Dill-water

Definitions

  • Chambers's Twentieth Century Dictionary
    • n Dill-water a stomachic and carminative
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Etymology

Chambers's Twentieth Century Dictionary
A.S. dile; Ger. and Sw. dill.

Usage

In literature:

The gardener was near the gate, watering the dill and parsley, the carrots and parsnips.
"The Lilac Fairy Book" by Andrew Lang
The gardener was near the gate, watering the dill and parsley, the carrots and parsnips.
"The Lilac Fairy Book" by Andrew Lang
COVER WITH WATER AND COOK WITH PLENTY OF DILL; SPRINKLE WITH A LITTLE OIL AND A TRIFLE OF SALT.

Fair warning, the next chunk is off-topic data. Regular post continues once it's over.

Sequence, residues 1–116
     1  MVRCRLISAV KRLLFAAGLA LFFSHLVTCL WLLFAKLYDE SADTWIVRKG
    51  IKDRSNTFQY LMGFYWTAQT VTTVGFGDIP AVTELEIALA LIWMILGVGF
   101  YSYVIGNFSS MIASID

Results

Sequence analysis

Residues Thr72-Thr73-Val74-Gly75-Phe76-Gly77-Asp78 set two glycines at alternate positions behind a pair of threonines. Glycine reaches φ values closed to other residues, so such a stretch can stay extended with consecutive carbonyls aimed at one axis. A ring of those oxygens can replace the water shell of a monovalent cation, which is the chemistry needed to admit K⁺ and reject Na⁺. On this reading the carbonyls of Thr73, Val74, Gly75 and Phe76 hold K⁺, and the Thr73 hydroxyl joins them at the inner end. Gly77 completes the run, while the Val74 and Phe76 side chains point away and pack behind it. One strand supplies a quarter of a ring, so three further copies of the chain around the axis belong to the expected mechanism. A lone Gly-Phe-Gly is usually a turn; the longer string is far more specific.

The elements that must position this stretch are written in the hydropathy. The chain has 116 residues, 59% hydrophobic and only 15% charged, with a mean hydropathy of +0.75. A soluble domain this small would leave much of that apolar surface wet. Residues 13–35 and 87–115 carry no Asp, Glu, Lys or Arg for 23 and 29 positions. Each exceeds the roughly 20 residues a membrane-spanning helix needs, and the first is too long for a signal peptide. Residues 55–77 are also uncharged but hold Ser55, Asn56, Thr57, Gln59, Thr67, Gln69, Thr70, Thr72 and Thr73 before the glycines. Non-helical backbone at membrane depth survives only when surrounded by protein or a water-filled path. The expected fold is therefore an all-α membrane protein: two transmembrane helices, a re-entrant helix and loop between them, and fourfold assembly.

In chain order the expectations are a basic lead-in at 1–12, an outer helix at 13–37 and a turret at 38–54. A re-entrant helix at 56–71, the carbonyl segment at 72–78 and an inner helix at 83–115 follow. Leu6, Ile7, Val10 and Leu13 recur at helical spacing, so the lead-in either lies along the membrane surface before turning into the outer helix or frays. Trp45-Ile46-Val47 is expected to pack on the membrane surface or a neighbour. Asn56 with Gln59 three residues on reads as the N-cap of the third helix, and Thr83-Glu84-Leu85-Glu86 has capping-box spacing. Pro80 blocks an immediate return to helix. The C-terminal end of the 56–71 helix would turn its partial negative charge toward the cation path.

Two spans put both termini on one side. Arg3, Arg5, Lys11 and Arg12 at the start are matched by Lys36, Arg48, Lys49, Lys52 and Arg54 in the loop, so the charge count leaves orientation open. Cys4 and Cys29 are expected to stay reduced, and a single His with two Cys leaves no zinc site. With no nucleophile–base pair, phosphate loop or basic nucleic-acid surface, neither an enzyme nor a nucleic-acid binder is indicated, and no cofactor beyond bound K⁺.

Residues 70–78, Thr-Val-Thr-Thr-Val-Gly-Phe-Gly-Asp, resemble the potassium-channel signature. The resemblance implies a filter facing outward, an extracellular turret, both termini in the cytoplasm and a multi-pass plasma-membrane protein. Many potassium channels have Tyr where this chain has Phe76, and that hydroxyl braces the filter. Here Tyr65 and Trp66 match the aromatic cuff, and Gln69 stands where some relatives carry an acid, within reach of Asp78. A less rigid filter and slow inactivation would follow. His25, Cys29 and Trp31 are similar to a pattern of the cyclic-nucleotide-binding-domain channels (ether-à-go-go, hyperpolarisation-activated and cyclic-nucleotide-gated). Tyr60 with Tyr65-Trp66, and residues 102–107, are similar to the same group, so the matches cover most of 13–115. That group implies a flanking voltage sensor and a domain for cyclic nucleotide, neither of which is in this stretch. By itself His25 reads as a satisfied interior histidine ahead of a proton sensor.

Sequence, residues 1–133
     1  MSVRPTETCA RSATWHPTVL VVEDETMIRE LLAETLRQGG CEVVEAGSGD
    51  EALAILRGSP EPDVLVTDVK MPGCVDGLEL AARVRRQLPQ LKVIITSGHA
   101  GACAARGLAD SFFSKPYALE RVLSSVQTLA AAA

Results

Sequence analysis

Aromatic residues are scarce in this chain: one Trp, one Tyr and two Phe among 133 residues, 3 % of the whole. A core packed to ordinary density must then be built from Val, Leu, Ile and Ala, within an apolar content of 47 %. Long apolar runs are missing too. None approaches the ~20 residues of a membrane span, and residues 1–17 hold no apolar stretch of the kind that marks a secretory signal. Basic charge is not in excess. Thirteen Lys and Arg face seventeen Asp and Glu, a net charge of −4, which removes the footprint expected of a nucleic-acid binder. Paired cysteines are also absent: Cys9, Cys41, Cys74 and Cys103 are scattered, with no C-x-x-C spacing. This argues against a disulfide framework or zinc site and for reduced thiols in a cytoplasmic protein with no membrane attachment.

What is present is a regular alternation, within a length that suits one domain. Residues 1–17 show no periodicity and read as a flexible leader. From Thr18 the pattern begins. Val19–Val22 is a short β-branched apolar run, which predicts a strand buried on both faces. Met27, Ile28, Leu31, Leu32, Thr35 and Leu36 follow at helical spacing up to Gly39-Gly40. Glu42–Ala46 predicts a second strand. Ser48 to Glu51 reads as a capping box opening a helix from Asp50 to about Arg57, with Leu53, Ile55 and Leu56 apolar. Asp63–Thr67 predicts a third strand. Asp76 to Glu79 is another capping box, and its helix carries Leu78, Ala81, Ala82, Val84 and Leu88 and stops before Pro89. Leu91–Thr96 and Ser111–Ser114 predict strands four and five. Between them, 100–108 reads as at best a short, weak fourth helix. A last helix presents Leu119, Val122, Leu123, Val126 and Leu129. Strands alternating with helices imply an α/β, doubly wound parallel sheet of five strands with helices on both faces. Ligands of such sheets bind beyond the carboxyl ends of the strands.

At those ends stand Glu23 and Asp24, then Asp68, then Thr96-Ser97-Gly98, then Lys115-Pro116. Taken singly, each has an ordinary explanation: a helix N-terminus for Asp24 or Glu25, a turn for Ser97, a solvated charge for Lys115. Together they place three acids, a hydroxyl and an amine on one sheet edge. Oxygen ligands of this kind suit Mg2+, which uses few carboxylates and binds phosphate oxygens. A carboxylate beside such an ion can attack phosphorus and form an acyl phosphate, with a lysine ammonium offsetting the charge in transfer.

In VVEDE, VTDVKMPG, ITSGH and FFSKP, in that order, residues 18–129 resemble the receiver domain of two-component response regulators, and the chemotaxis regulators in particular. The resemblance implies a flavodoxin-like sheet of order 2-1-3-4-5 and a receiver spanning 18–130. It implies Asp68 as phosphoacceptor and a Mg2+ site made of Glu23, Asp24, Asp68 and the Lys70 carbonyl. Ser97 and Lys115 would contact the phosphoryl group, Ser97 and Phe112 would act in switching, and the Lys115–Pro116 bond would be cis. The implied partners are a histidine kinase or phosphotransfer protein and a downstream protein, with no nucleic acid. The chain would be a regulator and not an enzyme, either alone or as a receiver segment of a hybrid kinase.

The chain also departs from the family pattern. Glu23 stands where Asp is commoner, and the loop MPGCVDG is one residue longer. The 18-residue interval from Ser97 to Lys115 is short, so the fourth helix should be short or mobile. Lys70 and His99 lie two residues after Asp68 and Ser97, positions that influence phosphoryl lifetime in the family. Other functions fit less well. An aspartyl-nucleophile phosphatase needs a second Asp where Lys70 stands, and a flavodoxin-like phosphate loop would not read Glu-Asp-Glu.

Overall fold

"Cooking and Dining in Imperial Rome" by Apicius
Dill-water is largely used as a carminative for children, and as a vehicle for the exhibition of nauseous drugs.
"Encyclopaedia Britannica, 11th Edition, Volume 8, Slice 4" by Various
Try a little magnesia, or dill water, or squills, or what you like.
"A Little World" by George Manville Fenn
Ah, it's after having dill-water ye are now, is it?
"The Flower of Forgiveness" by Flora Annie Steel
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In news:

Tim Dill of Albany floats in Puget Sound in during the water survival demonstration on the recent JCOC.
In a large saucepan combine the 3 cups water, the vinegar, pickling salt, dill, red pepper, and garlic.
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